Today’s Wimbledon women’s singles final, held at the All England Club in London, had an impressively starry guestlist. Everyone from Priyanka Chopra to Tom Cruise to rising British tennis star Emma Raducanu made an appearance to watch the nail-biting match on Centre Court.
Yet few made as strong an impact as Kate Middleton, the Duchess of Cambridge, for whom Wimbledon serves as a well-known highlight within her annual calendar of events. Arriving to the Royal Box with Prince William in a clover-green Emilia Wickstead dress (a designer whose outfits are a staple in Middleton’s wardrobe), it featured cap sleeves and a pleated skirt cut from Wickstead’s signature cloqué fabric, and came paired with her favorite white Gianvito Rossi pumps.
As well as providing all the easy-breezy comfort required for a warm summer’s afternoon watching the tennis, however, the dress also served as a subtle nod to the tennis tournament’s signature color scheme of purple and green, with the latter hue chosen for Middleton’s dress also reflecting Wimbledon’s status as the only Grand Slam tournament played on grass courts. (We all know that Middleton has an impressive eye for an event-appropriate detail, after all.)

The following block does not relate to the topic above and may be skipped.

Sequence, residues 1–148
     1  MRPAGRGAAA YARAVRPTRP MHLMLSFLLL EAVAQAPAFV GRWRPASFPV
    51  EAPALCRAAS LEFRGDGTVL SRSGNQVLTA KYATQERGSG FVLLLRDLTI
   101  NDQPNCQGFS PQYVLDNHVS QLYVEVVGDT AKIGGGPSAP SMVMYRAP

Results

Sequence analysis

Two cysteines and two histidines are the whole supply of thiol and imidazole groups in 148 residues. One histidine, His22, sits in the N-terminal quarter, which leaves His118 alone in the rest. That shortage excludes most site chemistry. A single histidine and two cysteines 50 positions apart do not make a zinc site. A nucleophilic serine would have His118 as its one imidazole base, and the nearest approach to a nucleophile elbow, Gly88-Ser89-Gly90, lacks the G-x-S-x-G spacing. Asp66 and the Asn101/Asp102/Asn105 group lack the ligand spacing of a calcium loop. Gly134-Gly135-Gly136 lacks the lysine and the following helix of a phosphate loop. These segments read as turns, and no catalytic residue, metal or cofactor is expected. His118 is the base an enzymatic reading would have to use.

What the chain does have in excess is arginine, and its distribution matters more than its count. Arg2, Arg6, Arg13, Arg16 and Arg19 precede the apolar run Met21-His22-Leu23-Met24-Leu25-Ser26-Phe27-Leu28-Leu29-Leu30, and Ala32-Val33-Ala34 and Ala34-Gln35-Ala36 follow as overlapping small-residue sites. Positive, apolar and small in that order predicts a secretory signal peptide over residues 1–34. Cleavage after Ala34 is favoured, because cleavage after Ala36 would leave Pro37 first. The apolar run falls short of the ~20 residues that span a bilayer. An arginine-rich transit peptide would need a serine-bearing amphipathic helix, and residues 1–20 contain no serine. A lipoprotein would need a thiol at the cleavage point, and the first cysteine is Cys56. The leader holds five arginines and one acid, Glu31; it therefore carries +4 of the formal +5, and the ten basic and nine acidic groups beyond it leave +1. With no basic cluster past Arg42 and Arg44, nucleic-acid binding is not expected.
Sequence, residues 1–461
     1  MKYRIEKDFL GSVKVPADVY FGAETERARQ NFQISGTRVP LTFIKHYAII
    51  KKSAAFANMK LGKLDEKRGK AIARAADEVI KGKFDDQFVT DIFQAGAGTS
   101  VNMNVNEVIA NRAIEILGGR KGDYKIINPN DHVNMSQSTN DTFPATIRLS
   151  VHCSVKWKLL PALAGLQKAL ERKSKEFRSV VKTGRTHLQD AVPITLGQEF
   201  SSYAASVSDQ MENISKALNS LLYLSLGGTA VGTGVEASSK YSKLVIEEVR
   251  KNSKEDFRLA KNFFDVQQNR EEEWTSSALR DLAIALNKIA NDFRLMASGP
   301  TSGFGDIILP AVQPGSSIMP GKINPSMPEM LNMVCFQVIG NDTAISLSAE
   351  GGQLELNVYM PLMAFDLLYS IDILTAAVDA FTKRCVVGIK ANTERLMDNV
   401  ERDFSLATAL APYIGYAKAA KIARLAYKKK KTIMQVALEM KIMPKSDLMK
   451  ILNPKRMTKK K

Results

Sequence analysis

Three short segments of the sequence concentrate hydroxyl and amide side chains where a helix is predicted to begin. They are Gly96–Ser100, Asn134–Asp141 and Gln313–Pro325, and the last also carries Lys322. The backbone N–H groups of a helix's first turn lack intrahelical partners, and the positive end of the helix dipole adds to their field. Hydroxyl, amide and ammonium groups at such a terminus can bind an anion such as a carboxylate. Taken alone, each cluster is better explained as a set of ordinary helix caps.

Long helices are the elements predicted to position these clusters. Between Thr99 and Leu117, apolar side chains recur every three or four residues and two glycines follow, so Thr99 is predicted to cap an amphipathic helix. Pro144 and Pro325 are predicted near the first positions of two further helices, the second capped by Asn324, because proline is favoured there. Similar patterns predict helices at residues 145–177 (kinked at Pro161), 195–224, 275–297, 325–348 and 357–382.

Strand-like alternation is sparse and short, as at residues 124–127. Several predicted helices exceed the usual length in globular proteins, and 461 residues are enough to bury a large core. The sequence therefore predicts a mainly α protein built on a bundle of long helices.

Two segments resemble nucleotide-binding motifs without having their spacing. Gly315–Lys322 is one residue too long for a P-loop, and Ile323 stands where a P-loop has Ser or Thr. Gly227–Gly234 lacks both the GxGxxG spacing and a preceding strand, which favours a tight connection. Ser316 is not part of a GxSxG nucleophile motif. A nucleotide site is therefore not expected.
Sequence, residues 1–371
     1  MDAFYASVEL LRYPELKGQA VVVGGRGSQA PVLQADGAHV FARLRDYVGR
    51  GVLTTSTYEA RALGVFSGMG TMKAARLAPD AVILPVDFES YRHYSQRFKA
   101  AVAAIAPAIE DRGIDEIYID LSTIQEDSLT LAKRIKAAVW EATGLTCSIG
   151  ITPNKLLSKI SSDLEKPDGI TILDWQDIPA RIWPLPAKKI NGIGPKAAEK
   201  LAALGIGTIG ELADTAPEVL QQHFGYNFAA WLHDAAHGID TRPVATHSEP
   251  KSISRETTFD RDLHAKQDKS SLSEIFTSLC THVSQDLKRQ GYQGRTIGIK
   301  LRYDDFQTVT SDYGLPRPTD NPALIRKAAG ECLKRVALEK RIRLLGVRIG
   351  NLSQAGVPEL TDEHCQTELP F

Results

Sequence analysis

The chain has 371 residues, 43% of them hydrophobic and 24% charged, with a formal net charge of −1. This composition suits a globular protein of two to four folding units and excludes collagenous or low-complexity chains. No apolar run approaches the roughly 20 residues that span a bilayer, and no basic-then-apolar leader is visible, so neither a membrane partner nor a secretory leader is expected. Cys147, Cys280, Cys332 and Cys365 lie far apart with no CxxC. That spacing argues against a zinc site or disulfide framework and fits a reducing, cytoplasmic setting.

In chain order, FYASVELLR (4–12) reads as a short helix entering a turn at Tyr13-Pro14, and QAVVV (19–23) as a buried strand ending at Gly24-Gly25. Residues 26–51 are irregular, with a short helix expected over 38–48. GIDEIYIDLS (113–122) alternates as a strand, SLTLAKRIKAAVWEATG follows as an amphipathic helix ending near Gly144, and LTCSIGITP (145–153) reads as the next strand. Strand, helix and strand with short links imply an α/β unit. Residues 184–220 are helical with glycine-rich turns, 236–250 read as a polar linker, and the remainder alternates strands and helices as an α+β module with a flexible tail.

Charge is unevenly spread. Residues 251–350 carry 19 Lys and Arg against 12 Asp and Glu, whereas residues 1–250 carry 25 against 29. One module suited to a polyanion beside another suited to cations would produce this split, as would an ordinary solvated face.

And in a moment of synchronicity, it wasn’t the only sartorial nod to the tournament’s history today, either. Ashleigh Barty, who stormed to victory as the winner of the women’s singles trophy, wore a scalloped skirt that paid homage to the outfits worn on the court by one of heroes, the Aboriginal Australian player Evonne Goolagong Cawley, who took home the same trophy exactly 50 years ago.
Kate Middleton’s time at the tournament this year hit a small hitch last Friday, when she received the news part-way through watching a match that she had to undergo a period of isolation, having come into contact with someone who had tested positive for COVID-19. Today’s Wimbledon final represented her first public appearance since—and after presenting the trophy to Barty after her extraordinary victory, it was clear Middleton was back on winning form.